Fly Fishing with Chris Dore

Your FFF Certified Fly Casting Professional, and Member of the New Zealand Professional Fishing Guides Association

Chasin' doubles


So you wanna catch a 10lb trout? I ask you - are you prepared to accept a blank day?

 Double digit fish are not an every day occurance. In fact, many locals go a lifetime without catching one. There are many tales of the one that got away, and fact or fiction, these are always good for getting us coming back for more.


Sarah Yeager with a glorious high country trophy. This was one of only two trout seen this day.


To hit a trophy fish you need persistence. You must put in the time, and the groundwork to locate these fish, and keep coming back, time and time again. The rivers these fish inhabit rarely hold large populations of trout. You may walk a long way between fish, and even then, if they are not out and feeding, or are hunkered down close to cover, it is very easy to walk straight past them. Do not expect a lot of shots on a trophy quest - you may only see but a handful of fish on any given day, so you must be on top of your game. This is where an intimate knowledge of their waters comes into play. Large fish will inhabit only the choicest of pools, and until driven out by angling pressure, or environmental effects, will reside here often year in, year out.


If you know of a pool where a trophy lurks you are already at a distinct advantage over the fish!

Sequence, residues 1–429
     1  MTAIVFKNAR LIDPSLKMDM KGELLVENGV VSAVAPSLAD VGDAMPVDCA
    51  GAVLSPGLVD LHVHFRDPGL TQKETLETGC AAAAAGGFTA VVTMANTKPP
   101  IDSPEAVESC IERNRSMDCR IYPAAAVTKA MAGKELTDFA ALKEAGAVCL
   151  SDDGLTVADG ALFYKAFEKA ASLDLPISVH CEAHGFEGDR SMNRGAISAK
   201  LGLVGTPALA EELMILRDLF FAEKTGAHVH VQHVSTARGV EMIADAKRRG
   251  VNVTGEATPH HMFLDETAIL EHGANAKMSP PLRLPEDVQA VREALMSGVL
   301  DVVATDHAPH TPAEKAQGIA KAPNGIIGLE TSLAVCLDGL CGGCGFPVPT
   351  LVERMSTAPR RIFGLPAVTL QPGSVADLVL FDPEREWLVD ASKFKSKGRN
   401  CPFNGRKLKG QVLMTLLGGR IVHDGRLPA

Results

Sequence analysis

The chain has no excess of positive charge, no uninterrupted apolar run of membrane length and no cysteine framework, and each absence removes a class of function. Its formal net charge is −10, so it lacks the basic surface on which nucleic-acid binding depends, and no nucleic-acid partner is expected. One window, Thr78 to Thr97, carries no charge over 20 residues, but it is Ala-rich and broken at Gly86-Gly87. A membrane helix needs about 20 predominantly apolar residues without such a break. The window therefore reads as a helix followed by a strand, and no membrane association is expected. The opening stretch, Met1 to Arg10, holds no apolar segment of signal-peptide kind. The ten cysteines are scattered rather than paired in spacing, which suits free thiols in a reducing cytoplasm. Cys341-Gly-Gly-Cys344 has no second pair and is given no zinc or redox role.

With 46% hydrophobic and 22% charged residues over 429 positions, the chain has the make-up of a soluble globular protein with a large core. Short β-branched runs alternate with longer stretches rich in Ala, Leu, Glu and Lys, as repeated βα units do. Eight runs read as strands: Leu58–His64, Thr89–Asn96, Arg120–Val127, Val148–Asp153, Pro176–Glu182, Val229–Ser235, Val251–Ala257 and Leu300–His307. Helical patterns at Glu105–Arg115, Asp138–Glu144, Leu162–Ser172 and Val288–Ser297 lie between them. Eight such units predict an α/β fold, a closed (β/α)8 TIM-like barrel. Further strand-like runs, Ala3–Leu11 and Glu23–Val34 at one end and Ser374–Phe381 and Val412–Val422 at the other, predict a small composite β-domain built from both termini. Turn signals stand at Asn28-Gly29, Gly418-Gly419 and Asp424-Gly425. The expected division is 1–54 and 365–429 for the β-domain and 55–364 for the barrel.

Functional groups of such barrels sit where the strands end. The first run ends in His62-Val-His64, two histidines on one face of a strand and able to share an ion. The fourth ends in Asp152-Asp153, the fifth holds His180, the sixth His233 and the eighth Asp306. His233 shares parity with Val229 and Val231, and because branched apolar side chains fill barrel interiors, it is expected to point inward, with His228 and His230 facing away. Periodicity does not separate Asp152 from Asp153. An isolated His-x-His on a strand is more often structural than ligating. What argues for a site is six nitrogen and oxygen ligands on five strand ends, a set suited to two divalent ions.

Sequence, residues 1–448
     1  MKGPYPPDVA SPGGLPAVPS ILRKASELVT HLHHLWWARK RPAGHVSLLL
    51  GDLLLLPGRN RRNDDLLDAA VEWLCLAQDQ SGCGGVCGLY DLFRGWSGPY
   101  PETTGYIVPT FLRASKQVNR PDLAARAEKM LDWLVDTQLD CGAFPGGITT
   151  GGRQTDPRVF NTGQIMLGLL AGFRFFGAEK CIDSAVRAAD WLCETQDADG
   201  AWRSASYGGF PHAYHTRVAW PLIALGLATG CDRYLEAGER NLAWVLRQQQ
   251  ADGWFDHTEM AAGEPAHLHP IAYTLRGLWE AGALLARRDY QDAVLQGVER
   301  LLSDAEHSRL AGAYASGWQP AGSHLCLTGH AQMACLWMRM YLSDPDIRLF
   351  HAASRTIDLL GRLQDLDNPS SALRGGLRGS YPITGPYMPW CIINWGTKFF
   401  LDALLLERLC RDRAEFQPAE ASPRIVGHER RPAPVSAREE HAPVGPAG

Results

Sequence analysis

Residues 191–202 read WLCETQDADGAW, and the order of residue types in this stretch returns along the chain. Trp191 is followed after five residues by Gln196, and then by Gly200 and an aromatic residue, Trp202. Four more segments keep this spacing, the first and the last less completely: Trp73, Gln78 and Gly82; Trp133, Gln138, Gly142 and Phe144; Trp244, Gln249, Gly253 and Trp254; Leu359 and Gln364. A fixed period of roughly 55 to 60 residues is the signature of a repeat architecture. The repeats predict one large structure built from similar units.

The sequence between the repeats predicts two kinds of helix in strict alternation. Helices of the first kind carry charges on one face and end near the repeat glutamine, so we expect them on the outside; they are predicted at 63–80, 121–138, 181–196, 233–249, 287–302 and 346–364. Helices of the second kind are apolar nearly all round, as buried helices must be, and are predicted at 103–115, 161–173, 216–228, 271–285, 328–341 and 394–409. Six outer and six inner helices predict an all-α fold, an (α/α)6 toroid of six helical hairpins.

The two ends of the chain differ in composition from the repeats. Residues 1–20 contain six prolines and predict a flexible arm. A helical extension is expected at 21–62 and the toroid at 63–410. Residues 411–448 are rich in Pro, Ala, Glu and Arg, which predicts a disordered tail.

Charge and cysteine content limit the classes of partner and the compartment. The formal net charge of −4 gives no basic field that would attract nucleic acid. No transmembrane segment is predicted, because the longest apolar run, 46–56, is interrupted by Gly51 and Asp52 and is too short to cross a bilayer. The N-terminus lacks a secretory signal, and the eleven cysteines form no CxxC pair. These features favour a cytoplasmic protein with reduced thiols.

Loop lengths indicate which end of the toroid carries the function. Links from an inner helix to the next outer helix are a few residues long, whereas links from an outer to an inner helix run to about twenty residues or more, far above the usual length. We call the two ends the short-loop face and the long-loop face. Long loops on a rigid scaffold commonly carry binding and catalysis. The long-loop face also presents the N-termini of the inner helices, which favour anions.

Trophy Hunter, Brian Read puts in the time and committment and the results are clear.


The rivers in which these fish reside are often sourced high up in the alps, and the nature of the valleys these waters cut through mean stiff, alpine winds sweep down constantly. If you are not adept with blustery headwinds, then you will struggle - these waters are not for the novice.


Russ Willeke with a hard earned 12lb trophy - This fish took after 40 minutes of precise presentation and fought hard for a further 20 mins.


Practise makes perfect, and if your casting is not top notch it can make for a long day. Big trout in clear waters are never easy - they are old enough to know what should, and should not be happening around them, and it is imperitive to make that first cast count - one botched presentation, or dragged drift and he is gone, leaving an often long walk to the next opportunity. Practise accuracy and presentations on the lawn at home - 10 minutes a day, three times a week prior to your trophy chasing trip - the practise will pay itself back threefold when you slip in behind a feeding double digit.